After weeks of swirling rumors, Apple a few big product announcements Tuesday with the unveiling of a new Apple TV 4K, the 10th generation iPad, and new iPad Pro models powered by the company’s latest M2 silicon.
The inclusion of the new M2 chip, launched earlier this year inside the new MacBook Air, is the primary update to the iPad Pro lineup. It’s an important one too because of how demanding the new features in the upcoming iPadOS 16 have proven to be.
More power, more windows
During WWDC, Apple previewed iPadOS 16 with a new feature called Stage Manager. The feature brings windowed multitasking to iPad for the first time with the ability to run up to 8 apps simultaneously. And while you’ve been able to connect iPads to external displays, Stage Manager also brings full-resolution, windowed external display support to the iPad as well.
However, Apple announced that the feature would only work with iPads powered by the M1 chip—namely, the iPad Pro and iPad Air.
The reason for that restriction appears to be that Stage Manager requires quite a bit of power to run smoothly. Even on those M1-powered devices, Stage Manager on the iPad OS 16 betas has been plagued with slow performance, glitchiness, and all kinds of display bugs.
So, if you’re looking forward to using Stage Manager on iPad—especially with an external display and pro apps like LumaFusion or DaVinci Resolve—this new M2 model should provide the best experience by far.
The M2 features an 8-core CPU with performance up to 15% faster than the M1 chip. The chip also features a 10-core GPU for up to 35% faster graphics performance. The other big deal with M2 is that it features 100GB/s of unified memory bandwidth—a 50% increase over M1. That coupled with the GPU improvements will likely make for a noticeable difference in using the M2 iPad Pro models with Stage Manager vs. the M1 models.
But the benefits of the added power obviously aren’t limited to Stage Manager. Apple specifically mentions the fast performance of desktop-class, pro apps in its announcement. One surprise mention in that announcement was a DaVinci Resolve iPad app that is apparently on the way.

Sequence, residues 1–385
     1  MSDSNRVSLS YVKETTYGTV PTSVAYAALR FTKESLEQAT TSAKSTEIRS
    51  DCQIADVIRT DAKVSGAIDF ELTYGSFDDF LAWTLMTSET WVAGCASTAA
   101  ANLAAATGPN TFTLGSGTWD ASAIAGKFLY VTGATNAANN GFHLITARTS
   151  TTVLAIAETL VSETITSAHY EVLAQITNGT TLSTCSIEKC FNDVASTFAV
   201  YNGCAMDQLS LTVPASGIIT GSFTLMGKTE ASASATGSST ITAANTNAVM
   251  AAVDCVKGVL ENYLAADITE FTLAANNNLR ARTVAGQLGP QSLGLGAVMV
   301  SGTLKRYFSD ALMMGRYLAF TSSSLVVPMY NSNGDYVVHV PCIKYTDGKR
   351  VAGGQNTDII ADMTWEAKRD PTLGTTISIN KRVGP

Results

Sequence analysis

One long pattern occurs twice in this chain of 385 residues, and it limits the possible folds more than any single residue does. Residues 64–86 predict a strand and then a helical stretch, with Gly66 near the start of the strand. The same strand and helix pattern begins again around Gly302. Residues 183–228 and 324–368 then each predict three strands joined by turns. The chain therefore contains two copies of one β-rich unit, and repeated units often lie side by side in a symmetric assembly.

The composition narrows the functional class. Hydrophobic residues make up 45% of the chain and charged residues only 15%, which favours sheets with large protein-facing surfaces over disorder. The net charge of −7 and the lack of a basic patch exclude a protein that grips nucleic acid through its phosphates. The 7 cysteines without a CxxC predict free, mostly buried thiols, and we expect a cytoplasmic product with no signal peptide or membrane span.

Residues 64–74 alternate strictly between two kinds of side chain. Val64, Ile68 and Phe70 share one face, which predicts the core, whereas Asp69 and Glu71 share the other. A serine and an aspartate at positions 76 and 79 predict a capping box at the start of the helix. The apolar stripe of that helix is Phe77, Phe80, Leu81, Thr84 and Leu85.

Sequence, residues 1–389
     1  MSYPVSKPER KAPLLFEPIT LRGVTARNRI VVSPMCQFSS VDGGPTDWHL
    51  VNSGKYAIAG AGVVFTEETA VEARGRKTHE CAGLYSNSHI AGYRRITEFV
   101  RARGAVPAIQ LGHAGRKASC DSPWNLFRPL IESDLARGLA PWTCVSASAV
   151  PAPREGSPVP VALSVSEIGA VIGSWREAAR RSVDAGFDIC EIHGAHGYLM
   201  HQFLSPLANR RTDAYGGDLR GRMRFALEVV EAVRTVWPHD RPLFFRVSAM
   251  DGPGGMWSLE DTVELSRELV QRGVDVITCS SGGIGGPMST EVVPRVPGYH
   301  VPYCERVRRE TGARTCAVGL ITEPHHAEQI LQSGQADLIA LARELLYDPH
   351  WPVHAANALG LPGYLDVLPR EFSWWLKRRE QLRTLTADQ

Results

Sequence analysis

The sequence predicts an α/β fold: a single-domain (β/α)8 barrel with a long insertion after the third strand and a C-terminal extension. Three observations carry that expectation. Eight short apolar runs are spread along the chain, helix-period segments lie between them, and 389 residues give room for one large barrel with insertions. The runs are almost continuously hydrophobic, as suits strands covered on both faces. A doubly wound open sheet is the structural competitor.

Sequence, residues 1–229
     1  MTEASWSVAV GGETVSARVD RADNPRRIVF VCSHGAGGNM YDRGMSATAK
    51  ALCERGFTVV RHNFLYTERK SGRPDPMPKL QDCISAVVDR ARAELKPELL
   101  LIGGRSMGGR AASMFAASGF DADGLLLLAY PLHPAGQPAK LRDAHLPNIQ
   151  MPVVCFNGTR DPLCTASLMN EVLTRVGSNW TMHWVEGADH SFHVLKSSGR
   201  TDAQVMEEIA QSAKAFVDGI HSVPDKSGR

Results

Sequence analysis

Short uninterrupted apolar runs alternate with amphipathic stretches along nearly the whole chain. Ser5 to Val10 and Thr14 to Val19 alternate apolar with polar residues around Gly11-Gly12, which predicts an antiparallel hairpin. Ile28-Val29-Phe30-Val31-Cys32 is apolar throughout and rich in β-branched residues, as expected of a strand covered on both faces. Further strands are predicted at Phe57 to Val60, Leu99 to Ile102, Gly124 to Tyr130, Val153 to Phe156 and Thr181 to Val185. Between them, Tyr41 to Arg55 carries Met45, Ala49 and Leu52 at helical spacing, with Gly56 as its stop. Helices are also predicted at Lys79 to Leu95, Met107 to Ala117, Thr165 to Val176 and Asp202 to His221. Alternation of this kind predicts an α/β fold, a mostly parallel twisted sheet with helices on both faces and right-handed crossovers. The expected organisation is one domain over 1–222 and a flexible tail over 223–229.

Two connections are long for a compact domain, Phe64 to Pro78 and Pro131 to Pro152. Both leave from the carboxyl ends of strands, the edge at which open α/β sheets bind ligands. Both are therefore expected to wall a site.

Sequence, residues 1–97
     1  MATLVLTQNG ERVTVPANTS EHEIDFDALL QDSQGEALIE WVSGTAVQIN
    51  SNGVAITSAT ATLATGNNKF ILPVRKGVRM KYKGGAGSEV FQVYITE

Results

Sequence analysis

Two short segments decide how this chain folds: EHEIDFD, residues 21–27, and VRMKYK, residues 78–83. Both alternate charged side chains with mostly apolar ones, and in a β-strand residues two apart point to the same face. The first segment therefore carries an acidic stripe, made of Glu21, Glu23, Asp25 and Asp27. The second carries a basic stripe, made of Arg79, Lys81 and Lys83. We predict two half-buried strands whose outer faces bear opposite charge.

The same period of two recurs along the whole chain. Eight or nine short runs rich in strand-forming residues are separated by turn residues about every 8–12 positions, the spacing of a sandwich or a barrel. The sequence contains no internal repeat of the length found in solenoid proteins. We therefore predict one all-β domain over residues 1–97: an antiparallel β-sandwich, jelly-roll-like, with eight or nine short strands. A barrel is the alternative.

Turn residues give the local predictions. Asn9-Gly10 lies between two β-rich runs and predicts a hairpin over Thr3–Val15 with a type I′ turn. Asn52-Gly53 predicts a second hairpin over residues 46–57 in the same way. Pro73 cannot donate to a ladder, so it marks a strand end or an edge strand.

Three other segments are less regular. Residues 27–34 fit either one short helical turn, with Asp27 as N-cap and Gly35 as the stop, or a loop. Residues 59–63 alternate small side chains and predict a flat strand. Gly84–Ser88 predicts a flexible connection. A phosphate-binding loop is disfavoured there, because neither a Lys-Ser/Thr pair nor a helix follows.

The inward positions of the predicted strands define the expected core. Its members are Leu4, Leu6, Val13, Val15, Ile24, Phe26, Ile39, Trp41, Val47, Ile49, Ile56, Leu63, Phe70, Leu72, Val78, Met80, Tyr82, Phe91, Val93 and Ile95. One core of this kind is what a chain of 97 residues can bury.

Improvements in iPadOS 16 bolster this desktop-class feel with new UI capabilities for developers to implement. For instance, consistent undo and redo, inline find-and-replace, a new document menu, customizable toolbars, the ability to change file extensions, and more.
In addition to being able to use Stage Manager for multiple windowed apps across the iPad’s built-in display and an external display, iPadOS 16 also enables the new Reference Mode on 12.9-inch iPad Pro mdoels.
When placed into this mode, the Liquid Retina XDR display on the iPad Pro can match color requirements in workflows such as color grading, review and approve, and compositing where accurate colors and consistent image quality are critical.
New Pencil Hover feature
Another pro-centric update to the iPad Pro concerns the 2nd generation Apple Pencil. Apple is calling this new feature Pencil Hover. iPadOS 16 can now detect an Apple Pencil up to 12mm above the display, allowing you to see a preview of your mark before you lay it down on the display.
Apple says Hover also allows for more precise and delicate sketching and illustrating on iPad Pro.
Another nice update to the iPad Pro is the upgrade to Wi-Fi 6E connectivity, bringing support for download speeds up to 2.4Gbps—2x faster than the previous models.
The new iPad Pro is available to order today, with availability beginning October 26. The 11-inch iPad Pro starts at $799 while the 12.9-inch model starts at $1,099.
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